FOR IMMEDIATE RELEASE: July 29, 2021
Sailor Jones, 919-260-5906, email@example.com
Gino Nuzzolillo, 402-415-4763, firstname.lastname@example.org
DURHAM, N.C. (July 29, 2021) — North Carolina’s 2020 mail-in “cure” process allowed nearly 20,000 North Carolinians to have their votes counted in the general election, according to a new report from Southern Coalition for Social Justice (SCSJ).
In August 2020, a federal judge granted a partial preliminary injunction in Democracy NC v. NC State Board of Elections. The injunction prevented the N.C. State Board of Elections from rejecting absentee-by-mail ballots in the upcoming election without notice and the opportunity to correct, or cure, certain deficiencies. SCSJ filed this lawsuit, alongside co-counsel WilmerHale and Federal Elections Center, on behalf of Democracy North Carolina, League of Women Voters of North Carolina, and eight individual voters.
SCSJ’s analysis of mail-in ballots with material errors from the 2020 November election revealed that the cure process helped almost 20,000 voters either: 1) cure their ballot (9,461) or 2) receive notice of an issue with their mail-in ballot, giving them the option to vote another way (10,006). The cure process also addressed the disproportionate impact of mail-in ballot rejections on voters of color in North Carolina. For example, of the more than 7,000 Black voters who had material defects with their mail-in absentee ballot applications, 27.1%(1,946) were able to use the cure process to have their vote counted and 60% (4,313) were able to find another way to vote.
SCSJ and the other attorneys in Democracy NC continue to advocate on behalf of plaintiffs and mail-in voters who benefited from the cure process.
Hilary Harris Klein, counsel with SCSJ’s voting rights program and a co-author of the cure impact report, said that making the cure process a permanent fixture will protect many more North Carolina votes.
“As we continue to fight for a permanent cure process for mail-in ballot envelopes, we celebrate the tens of thousands of North Carolina voters empowered to make their voices heard in 2020 as a result of our lawsuit,” said Klein. “Recent elections proved that interest in voting by mail has never been greater. We know demanding due process to correct mail-in voting issues will only save more votes, protect more voters, and strengthen our democracy.”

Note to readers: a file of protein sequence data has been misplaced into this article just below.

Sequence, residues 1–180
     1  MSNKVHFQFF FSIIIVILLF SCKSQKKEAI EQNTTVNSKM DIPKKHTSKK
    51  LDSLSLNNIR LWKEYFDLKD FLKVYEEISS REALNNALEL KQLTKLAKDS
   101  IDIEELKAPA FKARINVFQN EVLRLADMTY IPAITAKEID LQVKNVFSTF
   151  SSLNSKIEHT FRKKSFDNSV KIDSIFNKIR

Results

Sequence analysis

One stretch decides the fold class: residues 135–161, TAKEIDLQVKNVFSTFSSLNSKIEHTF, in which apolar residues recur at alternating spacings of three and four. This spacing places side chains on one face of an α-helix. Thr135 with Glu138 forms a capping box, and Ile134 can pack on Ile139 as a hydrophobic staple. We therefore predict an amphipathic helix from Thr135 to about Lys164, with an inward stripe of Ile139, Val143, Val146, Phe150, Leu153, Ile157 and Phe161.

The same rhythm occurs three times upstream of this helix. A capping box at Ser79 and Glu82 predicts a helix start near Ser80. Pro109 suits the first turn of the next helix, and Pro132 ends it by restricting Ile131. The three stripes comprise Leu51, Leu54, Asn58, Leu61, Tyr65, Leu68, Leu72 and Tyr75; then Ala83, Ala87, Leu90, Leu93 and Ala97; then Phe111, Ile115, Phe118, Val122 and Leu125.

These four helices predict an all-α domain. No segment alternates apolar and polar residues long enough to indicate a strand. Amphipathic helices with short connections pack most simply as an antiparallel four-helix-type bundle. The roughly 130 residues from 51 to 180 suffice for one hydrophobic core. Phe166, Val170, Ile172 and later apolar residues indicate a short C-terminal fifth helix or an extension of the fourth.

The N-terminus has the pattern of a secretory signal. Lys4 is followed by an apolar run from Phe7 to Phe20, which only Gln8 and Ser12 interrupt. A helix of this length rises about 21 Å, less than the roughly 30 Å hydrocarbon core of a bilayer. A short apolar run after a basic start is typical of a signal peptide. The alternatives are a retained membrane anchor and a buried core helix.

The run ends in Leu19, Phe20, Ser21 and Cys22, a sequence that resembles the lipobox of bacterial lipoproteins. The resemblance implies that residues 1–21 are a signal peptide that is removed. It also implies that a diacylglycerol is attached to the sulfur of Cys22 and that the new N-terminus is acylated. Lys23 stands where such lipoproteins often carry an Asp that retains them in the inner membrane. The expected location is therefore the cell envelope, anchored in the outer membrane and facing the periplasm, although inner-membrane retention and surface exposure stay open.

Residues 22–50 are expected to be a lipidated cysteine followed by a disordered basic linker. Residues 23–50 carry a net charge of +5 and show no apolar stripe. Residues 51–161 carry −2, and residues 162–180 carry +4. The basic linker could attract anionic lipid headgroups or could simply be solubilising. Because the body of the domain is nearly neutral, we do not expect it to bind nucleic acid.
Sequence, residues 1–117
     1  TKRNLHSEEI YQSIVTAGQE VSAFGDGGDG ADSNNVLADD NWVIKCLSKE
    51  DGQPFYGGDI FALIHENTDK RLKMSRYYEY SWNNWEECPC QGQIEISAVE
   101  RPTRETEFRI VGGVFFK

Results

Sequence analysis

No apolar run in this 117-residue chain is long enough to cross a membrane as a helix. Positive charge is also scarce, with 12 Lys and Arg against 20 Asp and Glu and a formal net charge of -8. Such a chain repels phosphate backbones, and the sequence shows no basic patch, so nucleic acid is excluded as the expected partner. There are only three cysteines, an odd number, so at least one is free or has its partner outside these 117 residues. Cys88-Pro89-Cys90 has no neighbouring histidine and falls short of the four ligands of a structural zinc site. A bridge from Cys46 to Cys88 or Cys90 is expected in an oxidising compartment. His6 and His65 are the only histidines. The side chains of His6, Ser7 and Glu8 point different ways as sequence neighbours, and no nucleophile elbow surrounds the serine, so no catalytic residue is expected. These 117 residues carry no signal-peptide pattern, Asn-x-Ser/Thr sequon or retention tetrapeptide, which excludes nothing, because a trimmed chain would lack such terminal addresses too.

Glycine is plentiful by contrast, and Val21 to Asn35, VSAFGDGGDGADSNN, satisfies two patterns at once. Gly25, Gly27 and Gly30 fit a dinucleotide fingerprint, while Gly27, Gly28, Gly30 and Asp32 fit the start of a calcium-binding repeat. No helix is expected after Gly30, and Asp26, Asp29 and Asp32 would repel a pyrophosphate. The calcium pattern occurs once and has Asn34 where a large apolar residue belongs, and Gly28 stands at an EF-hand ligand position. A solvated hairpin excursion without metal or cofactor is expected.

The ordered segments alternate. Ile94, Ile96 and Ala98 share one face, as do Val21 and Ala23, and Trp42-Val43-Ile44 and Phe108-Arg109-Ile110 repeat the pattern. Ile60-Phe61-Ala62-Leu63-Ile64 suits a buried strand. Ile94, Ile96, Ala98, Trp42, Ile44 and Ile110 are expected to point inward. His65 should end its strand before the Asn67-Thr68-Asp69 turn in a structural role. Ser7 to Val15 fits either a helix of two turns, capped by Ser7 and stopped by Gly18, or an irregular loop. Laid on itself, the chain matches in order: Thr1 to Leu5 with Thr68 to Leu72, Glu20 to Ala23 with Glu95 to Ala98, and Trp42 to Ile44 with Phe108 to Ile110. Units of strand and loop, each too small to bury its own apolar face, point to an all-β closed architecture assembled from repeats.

Until the 2020 general election, North Carolina had no uniform process to fix issues with the burdensome list of requirements to properly fill out absentee ballot envelopes. Lack of a fair and simple process forced the rejection of thousands of ballots in each election, with little to no notice to the voter. Almost half (41%) of mail-in ballots rejected in the March 2020 primary were not properly notarized, had a voter’s signature missing, had incomplete witness information, or signature issues —all of which disproportionately impacted voters of color.
Recent guidance from the State Board does require counties to continue using a modified cure process in future elections, pending a final ruling by the court. Nonetheless, without legal or legislative intervention, the future of voter-friendly fixes for mail-in voting mistakes remains uncertain.
In SCSJ’s analysis, Klein added, “There is [currently] no requirement under the North Carolina General Statutes for counties to offer a cure process, and without additional advocacy, North Carolina may return to the dark days of high rejection rates.”
The Southern Coalition for Social Justice, founded in 2007, partners with communities of color and economically disadvantaged communities in the South to defend and advance their political, social, and economic rights through the combination of legal advocacy, research, organizing and communications. Learn more at southerncoalition.org and follow our work on Twitter, Facebook, and Instagram.